As had happened at the meeting on October 23, 2005, the president of the Association, Allen Collins, ruled that only alumni who had physically entered the room could vote--though they could leave their ballots and were not required to stay through the discussion. He excluded hundreds of proxy votes submitted by loyal Dartmouth alumni from all across the country. The meeting had been set for a date in the depth of winter, and the weather did not disappoint: a major storm pounded the East Coast, and heavy snow made for treacherous travel throughout New England. Many alumni who might otherwise have come understandably stayed home. As a result, a mere 230 alumni (a large portion of whom consisted of Affiliated Group guests and local alumni employed by the College) made a fundamental decision for over 60,000. Should unwarranted restrictions imposed by a self-selecting, self-serving 11-member Executive Committee allow four-tenths of one percent of the alumni represent the will and interests of all?
There was NO voting on rank and file members᬴ernate proposals because "Guidelines" issued by this same executive committee imposed a four-month notice requirement three months before the meeting. Lewis Carroll could not have invented a more outrageous device in his Alice in Wonderland! When we asked the committee to waive that filing deadline, as its own guideline specifically allows, [it not only refused but claimed it was required to follow the rules!
But even that was not enough for this Executive Committee. In violation of logic and all parliamentary rules of order, NO amendments were allowed from the floor. None! The Chair said there were no rules, only his rules. And so, the only choice was to vote Yes or No--no matter how strongly one may have objected to any of the three provisions in the amendment. The behavior of the Executive Committee, and of their supporters packed into Spalding Auditorium who tried to drown out speakers with handclapping, was reminiscent of a Bayonne, New Jersey, Teamsters Union Local on one of its less democratic days. Tony Pro had nothing on Al Collins.
Update Report on the Lawsuit (March, 2006)
Since 2001, all our repeated efforts to have Association leaders allow absentee voting for the election of officers have been rejected.
At the Association of Alumni annual meeting in October 2005, two slates of candidates sought election to the Executive Committee of the Association: one slate hand-picked and backed by the incumbent Executive Committee and the second slate backed by rank-and-file alumni and placed on the agenda by petition.
I collected more than 420 proxies and attempted to vote them at the October meeting. These 420 proxies from Dartmouth College alumni from diverse parts of the US and foreign countries were not counted. Consequently, the election had the same result as the one that had put Walters's slate in office: the slate created by the Executive Committee was "elected."
I decided to protest this year's round of being forced to
play against a stacked deck.
Unwilling to acquiesce to an illegally-installed Executive Committee and watch while it finesses a new constitution that will further skew alumni governance and impede the expression of alumni in their selection of Dartmouth's trustees, I have, with great reluctance, begun the process of obtaining legal remedy through the courts.
To that end, in November 2005, I filed suit against the Association in New Hampshire Superior Court, seeking to have the proxies counted. As yet, contrary to what you may have been led to believe, that case has not been heard.
Within days of their sham election, the new Executive Committee called the February 12, 2006 special meeting specifically to amend the present constitution so as to make it much easier to ratify its replacement.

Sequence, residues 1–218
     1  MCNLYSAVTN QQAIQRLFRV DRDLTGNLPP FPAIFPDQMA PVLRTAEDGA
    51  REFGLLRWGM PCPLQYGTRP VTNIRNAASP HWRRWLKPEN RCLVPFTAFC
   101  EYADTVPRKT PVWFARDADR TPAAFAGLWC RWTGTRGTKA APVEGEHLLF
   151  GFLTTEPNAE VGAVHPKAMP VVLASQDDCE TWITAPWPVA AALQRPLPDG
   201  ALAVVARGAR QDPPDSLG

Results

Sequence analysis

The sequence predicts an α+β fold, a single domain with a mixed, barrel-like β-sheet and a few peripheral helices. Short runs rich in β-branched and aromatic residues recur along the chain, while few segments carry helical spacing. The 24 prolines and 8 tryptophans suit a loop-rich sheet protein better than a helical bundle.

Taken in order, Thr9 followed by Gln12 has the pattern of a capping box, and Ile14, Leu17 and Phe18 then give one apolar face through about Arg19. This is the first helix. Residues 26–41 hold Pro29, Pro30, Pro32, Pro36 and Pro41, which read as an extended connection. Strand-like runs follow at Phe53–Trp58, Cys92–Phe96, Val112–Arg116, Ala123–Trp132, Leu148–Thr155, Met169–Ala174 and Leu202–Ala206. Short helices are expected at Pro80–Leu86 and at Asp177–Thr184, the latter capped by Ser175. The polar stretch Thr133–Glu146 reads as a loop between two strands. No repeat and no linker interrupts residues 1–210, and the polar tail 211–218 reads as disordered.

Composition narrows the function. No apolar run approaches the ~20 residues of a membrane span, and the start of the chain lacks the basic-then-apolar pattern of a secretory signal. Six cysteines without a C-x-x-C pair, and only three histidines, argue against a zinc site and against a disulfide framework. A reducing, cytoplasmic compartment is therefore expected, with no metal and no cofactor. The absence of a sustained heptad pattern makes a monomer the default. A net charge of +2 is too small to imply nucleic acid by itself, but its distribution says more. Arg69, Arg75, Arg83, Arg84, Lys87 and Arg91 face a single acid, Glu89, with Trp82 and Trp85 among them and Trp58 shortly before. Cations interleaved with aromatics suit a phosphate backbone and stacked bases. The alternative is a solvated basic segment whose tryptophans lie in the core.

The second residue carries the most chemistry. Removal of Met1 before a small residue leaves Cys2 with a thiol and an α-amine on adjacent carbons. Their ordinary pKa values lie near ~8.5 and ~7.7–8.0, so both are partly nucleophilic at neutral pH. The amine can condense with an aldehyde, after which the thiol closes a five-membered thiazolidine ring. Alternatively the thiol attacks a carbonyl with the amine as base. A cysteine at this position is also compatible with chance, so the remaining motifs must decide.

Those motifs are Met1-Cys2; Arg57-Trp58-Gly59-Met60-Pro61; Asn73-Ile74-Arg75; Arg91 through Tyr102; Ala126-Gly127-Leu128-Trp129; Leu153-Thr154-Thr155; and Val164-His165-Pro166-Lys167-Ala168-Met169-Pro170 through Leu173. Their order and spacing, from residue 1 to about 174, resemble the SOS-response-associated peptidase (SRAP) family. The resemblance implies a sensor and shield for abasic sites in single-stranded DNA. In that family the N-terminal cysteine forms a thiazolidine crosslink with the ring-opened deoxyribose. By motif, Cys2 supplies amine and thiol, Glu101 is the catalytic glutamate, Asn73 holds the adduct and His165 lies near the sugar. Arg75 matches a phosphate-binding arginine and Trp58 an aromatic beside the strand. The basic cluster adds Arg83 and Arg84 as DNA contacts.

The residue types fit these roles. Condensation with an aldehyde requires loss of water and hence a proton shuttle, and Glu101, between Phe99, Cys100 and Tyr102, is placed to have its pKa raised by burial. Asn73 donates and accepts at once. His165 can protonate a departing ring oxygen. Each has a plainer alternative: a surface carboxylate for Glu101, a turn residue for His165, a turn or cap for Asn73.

I again went to court, this time seeking a Temporary Restraining Order to direct that proxies be counted. On February 10, the judge denied this request. He denied my request, solely "by focusing on whether the petitioner has demonstrated a likelihood of success on the underlying merits of his claim." In other words, he was saying that it was not an open and shut case.
When Allen Collins announced from the podium on February 12 that the judge had ruled against counting proxy votes, that statement was false. The court has NOT ordered that proxy votes should not be accepted, as Collins implied. (We await the audio recording of the meeting so that we might quote Collins's exact words.)
No decision has been reached, indeed no hearing has been
held, on the underlying case on the 420 proxies that were rejected in the
election of Association officers at the October 23, 2005 meeting.
Union Leader - Editorial
The restriction ensures that alumni who stick around Hanover 粡d students, professors and others who settle within easy driving distance 祴 to vote, while those who move out of New England will find it much harder to cast a ballot. It also ensures that a tiny percentage of alumni ಥdominantly, those physically tied to the campus (and likely, to the administration) ᣴually get to vote for alumni association officers.
A slate of petition candidates ran for election to the executive committee this year, pledging to change the rule so that all alumni could vote. Not surprisingly, the Hanover area alumni yesterday voted down the candidates who pledged to dilute their power.
The issue of the alumni associationವles was the latest in a string of controversies involving alumni upset at the Dartmouth administration. This spring, in what was called the ﮥ Pine Revolution,튉two conservative academics ran as petition candidates to the board of trustees and were elected. In response, the administration proposed changing election rules to make it harder for petition candidates to win.
Funny thing. Where are the campus activists who are always running around advocating ॡking truth to powerٯu donਥar a lot of left-wingers crying about the powerful oppressing the weak, or the well-connected rigging the system to keep out the outsiders, when the powerful and well-connected are left-wing academics and university administrators.
What can the powers-that-be at Dartmouth find so
frightening about a few independent-minded alumni who would like to have a
say in running of the college that they feel compelled to rig the system to
keep them out? Couldnനey just campaign against them and let the voters
Monday September 07, 2009